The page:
Though wireless ANC headphones are almost ubiquitous these days, I’ve held off on them, always waiting for the technology to be perfected. IEMs paired with the iFi Go Blu was my happy compromise. But in recent years, these headphones have made significant strides not only in their fundamental wireless technology but also in sound quality. The Final Audio UX3000 is one such headphone. While Final is no stranger to wireless products (as evidenced by their Evangelion x Final TWS collab), it’s rare to see a wireless ANC headphone outside of the major players in the audio market. Let alone one at quite an affordable price. Yet when I first heard it in a demo shop, I was so impressed with its level of performance that I decided it deserved a proper review. So join me as I unpack one of the best offerings in the ANC market.
What we like
- Excellent price/performance
- Solid tuning and tonality with the wireless mode
- Decent ANC performance
What we don’t like
- Minor wireless tech imperfections
- Poor wired sound quality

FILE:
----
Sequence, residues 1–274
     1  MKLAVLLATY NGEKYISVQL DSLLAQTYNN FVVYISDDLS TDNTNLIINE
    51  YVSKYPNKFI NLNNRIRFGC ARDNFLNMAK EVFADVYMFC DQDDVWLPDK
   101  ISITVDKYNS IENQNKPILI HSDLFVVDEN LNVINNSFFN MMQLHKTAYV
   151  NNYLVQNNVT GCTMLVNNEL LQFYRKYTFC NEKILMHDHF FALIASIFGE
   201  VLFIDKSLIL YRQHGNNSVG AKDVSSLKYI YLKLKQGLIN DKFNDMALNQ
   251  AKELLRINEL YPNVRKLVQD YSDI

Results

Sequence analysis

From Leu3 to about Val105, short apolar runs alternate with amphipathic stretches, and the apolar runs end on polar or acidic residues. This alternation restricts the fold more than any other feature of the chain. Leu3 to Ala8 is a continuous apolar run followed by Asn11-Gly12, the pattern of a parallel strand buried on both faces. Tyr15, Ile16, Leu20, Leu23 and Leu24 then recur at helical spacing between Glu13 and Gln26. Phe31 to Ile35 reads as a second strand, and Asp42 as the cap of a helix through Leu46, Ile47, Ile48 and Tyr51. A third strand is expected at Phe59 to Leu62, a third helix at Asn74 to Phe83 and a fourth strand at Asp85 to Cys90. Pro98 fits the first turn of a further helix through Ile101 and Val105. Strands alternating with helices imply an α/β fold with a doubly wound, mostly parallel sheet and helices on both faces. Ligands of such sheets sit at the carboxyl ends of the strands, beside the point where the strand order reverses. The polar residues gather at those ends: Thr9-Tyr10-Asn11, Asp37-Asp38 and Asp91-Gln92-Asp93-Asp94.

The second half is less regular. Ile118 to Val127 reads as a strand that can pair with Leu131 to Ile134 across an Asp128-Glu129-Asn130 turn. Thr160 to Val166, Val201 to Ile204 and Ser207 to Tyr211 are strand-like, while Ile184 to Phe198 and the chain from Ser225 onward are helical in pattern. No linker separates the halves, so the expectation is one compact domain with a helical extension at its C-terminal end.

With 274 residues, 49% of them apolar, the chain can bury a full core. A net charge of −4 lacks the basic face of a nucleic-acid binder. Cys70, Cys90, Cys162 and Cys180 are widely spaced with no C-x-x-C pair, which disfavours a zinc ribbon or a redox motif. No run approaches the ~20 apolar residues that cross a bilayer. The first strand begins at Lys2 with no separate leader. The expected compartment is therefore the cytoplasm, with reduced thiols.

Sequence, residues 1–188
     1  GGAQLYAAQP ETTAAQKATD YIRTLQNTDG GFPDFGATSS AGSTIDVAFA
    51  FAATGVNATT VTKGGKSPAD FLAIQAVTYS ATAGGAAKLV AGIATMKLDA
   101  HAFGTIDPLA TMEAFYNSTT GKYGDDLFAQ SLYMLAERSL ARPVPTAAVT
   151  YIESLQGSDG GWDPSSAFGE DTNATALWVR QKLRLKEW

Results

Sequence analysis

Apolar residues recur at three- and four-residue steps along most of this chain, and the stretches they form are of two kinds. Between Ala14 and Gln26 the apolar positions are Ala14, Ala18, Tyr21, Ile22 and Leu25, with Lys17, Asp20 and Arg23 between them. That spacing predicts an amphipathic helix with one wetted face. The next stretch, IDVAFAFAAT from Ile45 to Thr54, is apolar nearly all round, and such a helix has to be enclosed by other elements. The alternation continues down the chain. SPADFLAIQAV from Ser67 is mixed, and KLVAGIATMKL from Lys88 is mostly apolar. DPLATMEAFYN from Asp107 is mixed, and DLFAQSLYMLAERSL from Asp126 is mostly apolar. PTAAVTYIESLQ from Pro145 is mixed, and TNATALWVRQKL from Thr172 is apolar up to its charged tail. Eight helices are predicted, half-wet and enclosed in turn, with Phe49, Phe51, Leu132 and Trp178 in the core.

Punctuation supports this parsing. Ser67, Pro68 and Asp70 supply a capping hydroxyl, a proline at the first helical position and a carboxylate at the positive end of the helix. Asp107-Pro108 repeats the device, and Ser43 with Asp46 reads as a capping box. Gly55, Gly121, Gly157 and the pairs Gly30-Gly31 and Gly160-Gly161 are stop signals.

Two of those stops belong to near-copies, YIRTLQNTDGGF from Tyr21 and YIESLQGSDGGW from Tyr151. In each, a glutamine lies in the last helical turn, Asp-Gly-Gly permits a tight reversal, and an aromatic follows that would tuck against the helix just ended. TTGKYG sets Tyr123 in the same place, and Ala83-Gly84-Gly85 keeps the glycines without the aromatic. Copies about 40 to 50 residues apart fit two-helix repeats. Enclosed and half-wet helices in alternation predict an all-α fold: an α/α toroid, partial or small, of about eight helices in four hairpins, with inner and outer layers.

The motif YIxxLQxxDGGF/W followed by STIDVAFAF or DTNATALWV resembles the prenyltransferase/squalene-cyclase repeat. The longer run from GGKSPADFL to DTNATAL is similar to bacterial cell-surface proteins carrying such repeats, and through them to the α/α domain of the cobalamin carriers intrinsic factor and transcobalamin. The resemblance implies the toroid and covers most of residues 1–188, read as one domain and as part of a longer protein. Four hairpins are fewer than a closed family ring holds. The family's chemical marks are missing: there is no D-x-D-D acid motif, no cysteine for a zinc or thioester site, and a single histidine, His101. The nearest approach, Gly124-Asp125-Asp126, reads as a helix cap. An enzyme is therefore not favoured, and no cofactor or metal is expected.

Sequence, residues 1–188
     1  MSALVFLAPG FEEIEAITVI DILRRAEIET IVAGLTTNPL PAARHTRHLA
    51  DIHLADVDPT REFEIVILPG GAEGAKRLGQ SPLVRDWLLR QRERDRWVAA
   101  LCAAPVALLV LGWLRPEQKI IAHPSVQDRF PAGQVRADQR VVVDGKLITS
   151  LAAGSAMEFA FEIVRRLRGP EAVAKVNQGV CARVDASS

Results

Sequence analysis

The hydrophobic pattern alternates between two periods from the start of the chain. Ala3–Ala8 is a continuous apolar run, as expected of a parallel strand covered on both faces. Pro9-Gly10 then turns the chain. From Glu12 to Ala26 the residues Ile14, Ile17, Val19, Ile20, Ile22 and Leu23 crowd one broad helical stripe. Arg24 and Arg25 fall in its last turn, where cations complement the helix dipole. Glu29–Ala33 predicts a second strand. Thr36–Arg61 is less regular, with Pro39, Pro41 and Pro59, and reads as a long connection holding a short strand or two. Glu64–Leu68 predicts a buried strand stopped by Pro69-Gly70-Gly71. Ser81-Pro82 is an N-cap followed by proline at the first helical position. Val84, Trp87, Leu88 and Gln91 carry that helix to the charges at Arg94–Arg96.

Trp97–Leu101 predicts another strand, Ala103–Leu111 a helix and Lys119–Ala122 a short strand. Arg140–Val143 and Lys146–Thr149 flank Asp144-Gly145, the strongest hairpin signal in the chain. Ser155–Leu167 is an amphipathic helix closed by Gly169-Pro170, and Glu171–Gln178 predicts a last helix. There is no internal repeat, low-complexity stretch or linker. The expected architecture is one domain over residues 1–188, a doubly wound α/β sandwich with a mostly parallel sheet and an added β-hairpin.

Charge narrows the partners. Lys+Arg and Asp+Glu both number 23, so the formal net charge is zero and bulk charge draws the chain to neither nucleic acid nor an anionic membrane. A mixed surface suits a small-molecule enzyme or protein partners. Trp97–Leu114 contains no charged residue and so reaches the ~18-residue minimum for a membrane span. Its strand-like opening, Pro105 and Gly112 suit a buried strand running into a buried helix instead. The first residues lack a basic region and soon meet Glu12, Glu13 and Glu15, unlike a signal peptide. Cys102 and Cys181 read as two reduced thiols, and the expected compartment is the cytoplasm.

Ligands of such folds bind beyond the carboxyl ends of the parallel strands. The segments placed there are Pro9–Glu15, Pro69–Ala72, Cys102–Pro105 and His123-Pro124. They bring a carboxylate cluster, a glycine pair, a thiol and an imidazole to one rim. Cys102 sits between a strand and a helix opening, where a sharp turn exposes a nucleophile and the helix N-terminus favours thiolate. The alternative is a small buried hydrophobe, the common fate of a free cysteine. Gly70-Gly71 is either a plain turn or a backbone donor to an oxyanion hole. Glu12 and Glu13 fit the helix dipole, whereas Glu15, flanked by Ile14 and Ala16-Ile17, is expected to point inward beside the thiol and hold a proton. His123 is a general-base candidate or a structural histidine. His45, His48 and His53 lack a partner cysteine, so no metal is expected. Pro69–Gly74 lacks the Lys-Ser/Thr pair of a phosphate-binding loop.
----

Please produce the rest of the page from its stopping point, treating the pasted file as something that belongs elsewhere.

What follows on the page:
Build and Comfort
There isn’t much in the box: the headphones, a cloth carrying pouch, a double-ended 3.5 mm cable for wired sound, and a USB-C charging cable. There are a few buttons on the cups: power, pause, and volume up/down on the right while the ANC toggle is on the left. The UX3000 is quite a light headphone as it’s built entirely out of plastic. But it’s not poorly built: the plastic used here feels sturdy and rugged. There’s an interesting texture on the shell that Final calls Shibo - a Japanese word meaning a wrinkle on the surface of paper or leather. They claim it gives it fingerprint and dirt resistance and I’m inclined to agree, at least on the fingerprint part.
The comfort of the UX3000 is good. The pads used here are a soft leather with a medium-density memory foam behind them. It molds and fits securely to my head with a secure but not overbearing amount of clamp force. The cups aren’t too large or deep but I didn’t find it to be an issue. They also swivel with 90 degrees of freedom so you can lay it flat on a table. The headband uses the same leather and memory foam design as the pads. Given the lightweight nature of the UX3000 and the soft cushioning of the headband, I don’t find myself really developing a sore hotspot where the headband rests in the center of my head.